Now that we've solved the first issue, we want to solve the second problem, which is to find all the messages from visitors that have submitted multiple messages. In SQL, we would have to create a "select of a select":
select * from feedback where email in (select email from feedback group by email having count(*) > 1);
For most casual users of SQL, this statement is a bit more complicated. It tells the database to return only the records in the feedback table when the email address is used more than once.
Fortunately, in Strata, finding and grouping all these messages is very simple. We just open the table and group the email field like we did before, and then just add a couple extra parameters:
As shown above, we are doing the following things:
- Grouping the table based upon unique email address.
- Counting the number of records with a given email address.
- Assigning a unique group ID to each group.
- Only outputting the groups that appear more than once (count() > 1) and include all the detail records in the output table.
The resulting table shows us only the records with duplicated email addresses:
This is just a simple example that shows off some fairly useful functionality. Grouping is one of those data analysis tools that is used all the time for summarizing data in a table. The group filter provides even more power by letting you look at the individual records that make up a certain statistic or metric, based on some aggregate function (e.g., sum() > 2000, avg() <= 50, count() > 1). In the original group, you see that two records are duplicated by the grouping operation. Once you have that statistic, you want to see the detail related to the group. This is trivial with only a few records but is pure gold when you can't just eyeball a data set.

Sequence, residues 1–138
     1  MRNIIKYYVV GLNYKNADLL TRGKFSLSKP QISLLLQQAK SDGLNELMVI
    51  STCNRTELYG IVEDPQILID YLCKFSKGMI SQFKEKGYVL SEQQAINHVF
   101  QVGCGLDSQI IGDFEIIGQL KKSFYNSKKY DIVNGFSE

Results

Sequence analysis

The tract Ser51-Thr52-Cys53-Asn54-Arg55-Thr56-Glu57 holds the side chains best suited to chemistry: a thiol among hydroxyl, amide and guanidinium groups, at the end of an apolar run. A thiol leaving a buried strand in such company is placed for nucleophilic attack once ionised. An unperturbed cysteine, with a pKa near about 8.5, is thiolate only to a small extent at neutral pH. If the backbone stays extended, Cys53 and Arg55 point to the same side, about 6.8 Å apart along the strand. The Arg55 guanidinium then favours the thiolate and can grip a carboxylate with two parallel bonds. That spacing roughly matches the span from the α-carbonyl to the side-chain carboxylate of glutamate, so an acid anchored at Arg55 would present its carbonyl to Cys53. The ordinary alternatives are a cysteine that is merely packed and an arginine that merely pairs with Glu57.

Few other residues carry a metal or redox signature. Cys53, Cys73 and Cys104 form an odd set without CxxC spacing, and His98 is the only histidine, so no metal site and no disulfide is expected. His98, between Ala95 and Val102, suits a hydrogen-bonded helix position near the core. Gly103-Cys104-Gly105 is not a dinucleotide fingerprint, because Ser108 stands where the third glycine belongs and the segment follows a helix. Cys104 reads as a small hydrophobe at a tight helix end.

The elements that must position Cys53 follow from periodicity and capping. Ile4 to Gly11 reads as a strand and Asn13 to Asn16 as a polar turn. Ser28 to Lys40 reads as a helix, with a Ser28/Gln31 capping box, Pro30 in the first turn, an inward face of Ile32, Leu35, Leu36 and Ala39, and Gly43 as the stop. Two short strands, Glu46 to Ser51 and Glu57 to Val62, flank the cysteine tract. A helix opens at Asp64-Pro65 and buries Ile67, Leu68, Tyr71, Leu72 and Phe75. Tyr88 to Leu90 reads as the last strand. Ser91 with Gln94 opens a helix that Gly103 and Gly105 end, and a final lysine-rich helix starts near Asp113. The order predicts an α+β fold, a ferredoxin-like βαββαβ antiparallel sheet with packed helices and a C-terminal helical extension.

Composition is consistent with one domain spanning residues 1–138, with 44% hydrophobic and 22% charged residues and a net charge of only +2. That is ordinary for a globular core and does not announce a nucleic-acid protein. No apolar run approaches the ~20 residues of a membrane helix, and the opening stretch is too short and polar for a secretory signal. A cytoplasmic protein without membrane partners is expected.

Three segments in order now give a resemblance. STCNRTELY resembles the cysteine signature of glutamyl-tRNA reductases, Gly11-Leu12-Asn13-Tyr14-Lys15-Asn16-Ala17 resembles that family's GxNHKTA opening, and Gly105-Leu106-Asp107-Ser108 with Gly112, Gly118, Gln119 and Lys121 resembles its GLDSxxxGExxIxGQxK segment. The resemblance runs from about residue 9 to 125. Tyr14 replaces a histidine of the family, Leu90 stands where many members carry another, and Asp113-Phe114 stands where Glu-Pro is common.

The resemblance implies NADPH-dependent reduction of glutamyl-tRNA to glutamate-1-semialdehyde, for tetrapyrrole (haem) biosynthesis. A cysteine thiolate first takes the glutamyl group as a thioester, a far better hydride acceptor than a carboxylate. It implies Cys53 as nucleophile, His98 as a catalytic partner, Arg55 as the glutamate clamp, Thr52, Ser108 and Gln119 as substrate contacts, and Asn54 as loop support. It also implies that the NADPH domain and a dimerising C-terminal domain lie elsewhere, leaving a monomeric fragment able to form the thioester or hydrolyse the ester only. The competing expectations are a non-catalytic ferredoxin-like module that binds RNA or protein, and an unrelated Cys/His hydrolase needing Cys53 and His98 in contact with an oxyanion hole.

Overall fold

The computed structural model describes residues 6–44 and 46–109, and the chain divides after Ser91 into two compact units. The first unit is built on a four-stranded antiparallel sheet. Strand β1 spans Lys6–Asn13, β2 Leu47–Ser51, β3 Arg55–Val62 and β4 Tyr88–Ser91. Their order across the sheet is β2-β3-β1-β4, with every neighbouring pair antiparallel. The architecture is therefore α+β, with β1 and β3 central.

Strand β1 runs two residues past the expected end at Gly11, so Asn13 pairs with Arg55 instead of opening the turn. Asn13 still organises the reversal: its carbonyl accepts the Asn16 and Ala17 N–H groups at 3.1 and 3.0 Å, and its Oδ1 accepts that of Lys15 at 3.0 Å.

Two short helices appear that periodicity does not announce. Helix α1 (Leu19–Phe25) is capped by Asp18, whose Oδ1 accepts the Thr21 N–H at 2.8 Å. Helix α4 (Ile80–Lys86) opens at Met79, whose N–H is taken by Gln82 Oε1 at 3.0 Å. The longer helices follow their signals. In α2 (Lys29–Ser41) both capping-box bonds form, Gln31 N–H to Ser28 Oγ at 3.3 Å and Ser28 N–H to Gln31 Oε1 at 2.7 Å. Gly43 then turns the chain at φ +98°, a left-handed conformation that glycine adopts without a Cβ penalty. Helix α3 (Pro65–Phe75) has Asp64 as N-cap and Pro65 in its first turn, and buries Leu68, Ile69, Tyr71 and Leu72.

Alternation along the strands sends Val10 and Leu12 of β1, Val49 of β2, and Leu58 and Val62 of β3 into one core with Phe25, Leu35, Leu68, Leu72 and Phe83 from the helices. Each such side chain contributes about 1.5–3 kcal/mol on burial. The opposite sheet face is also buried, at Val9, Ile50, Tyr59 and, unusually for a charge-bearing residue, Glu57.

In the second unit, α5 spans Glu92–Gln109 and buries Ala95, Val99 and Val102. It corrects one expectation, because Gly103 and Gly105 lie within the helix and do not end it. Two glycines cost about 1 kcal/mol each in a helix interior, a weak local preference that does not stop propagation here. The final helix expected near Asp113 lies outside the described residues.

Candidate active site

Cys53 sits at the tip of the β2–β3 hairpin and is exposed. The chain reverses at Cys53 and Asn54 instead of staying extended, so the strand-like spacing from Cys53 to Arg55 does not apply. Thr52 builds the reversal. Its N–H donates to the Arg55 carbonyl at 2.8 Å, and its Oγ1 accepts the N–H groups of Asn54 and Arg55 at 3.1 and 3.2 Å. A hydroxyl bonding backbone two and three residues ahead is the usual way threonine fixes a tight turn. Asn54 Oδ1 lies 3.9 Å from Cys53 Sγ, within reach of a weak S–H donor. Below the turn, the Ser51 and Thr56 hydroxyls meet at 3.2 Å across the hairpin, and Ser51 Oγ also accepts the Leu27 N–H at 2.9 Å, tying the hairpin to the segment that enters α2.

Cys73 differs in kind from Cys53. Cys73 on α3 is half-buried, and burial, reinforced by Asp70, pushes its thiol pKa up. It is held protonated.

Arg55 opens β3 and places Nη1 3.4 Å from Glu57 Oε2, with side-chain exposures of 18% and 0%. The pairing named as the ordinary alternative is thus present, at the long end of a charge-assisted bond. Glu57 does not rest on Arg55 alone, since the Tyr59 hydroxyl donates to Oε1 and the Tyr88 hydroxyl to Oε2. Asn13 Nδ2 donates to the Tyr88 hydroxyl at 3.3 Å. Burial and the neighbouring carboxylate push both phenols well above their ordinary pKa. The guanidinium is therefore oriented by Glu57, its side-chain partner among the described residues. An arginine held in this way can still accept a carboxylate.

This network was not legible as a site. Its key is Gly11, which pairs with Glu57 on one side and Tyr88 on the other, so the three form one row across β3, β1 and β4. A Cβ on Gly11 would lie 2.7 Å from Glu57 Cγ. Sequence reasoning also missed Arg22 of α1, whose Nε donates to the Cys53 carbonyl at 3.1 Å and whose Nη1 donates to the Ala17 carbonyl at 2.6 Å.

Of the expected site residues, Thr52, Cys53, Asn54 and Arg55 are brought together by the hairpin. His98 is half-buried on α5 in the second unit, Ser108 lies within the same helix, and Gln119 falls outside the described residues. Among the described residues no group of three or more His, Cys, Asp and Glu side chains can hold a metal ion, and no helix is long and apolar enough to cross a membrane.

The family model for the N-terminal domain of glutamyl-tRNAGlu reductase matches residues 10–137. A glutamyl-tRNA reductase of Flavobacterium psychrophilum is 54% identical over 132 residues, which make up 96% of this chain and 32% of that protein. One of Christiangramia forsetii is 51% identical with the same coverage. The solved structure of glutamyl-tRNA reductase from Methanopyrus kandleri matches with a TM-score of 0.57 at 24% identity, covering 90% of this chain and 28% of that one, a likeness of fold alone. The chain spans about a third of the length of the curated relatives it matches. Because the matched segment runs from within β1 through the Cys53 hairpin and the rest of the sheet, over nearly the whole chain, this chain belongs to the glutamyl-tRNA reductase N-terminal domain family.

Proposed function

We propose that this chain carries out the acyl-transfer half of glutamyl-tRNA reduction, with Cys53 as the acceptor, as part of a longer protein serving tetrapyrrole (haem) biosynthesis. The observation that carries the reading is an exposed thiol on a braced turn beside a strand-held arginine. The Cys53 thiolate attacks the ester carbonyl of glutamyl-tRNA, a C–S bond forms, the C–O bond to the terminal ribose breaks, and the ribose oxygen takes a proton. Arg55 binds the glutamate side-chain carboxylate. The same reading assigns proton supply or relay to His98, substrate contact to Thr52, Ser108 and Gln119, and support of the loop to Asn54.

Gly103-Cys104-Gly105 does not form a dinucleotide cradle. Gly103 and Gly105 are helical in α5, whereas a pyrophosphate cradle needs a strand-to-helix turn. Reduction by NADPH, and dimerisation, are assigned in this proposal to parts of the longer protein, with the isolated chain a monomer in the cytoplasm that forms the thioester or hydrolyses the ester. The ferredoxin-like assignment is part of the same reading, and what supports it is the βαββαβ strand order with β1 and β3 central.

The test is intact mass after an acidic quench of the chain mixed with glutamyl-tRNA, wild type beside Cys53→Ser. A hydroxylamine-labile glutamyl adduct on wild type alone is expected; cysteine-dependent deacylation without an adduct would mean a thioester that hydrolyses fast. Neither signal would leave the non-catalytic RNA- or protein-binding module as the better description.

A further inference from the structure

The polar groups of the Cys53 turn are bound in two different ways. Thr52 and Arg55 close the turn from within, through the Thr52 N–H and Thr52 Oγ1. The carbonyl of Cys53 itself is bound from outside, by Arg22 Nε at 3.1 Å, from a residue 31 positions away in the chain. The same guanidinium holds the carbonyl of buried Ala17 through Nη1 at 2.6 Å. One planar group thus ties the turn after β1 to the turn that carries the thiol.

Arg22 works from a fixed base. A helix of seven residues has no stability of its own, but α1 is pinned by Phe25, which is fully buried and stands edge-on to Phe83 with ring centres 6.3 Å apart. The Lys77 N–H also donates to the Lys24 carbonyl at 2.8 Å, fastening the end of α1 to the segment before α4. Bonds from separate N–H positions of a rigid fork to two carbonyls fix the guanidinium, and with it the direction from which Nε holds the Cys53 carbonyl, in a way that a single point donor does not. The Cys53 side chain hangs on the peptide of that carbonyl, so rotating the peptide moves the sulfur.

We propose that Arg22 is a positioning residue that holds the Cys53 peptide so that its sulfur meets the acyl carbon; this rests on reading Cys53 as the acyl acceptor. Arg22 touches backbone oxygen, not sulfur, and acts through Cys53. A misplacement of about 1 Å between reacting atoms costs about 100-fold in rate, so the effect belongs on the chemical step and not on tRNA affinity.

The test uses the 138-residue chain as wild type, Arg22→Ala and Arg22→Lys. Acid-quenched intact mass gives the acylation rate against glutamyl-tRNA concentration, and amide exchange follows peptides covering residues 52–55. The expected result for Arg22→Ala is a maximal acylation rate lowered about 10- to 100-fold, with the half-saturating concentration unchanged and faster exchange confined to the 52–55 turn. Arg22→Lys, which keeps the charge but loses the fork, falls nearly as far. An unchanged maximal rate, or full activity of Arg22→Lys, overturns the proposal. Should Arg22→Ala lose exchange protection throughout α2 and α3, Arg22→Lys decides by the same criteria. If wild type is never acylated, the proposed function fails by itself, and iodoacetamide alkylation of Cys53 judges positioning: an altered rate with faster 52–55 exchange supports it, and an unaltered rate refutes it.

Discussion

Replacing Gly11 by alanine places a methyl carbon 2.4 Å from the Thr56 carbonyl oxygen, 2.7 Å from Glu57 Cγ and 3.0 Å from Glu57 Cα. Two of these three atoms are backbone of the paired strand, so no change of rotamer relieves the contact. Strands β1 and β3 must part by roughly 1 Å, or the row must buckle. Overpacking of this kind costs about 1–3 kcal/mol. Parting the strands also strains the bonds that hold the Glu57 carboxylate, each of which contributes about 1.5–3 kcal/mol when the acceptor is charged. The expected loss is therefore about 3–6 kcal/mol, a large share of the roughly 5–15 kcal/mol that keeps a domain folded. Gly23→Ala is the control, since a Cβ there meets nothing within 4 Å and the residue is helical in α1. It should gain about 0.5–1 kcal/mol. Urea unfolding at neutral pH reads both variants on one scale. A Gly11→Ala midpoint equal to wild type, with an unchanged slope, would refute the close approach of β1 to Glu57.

This little tool comes in handy quite a bit. For example, you may want to see:
- duplicate records by name, address, city, zip, or some other field/combination of fields.
- individual telephone calls to a particular telephone number that when combined exceed a certain total call time.
- individual IP addresses in a web log that at some time in their history went to a particular page and downloaded a file.
- all the pages visited from a given IP address, when at some point that IP address went to a particular page.
- all the pages visited from a given IP address, when that IP address has visited at least 10 times over a one month span
- all the purchases of a given customer when that customer purchased at least two or more particular types of items.
All of these tasks can be accomplished using the grouping tool. For a bit more information on using the grouping panel, check out the Strata grouping help page.
Do you have any website data analysis that you need help with? Just let us know and we'll be happy to explore the issues with you.
July 18th, 2008 at 10:43 am
Hey, this sounds really helpful. I need to do this every once in a while and it's nice to have a tutorial like that at hand.
July 31st, 2008 at 3:41 pm
[…] a previous article, we were concerned with identifying and removing duplicate emails within a single table. But let's say that email addresses are located in multiple tables — how do we find […]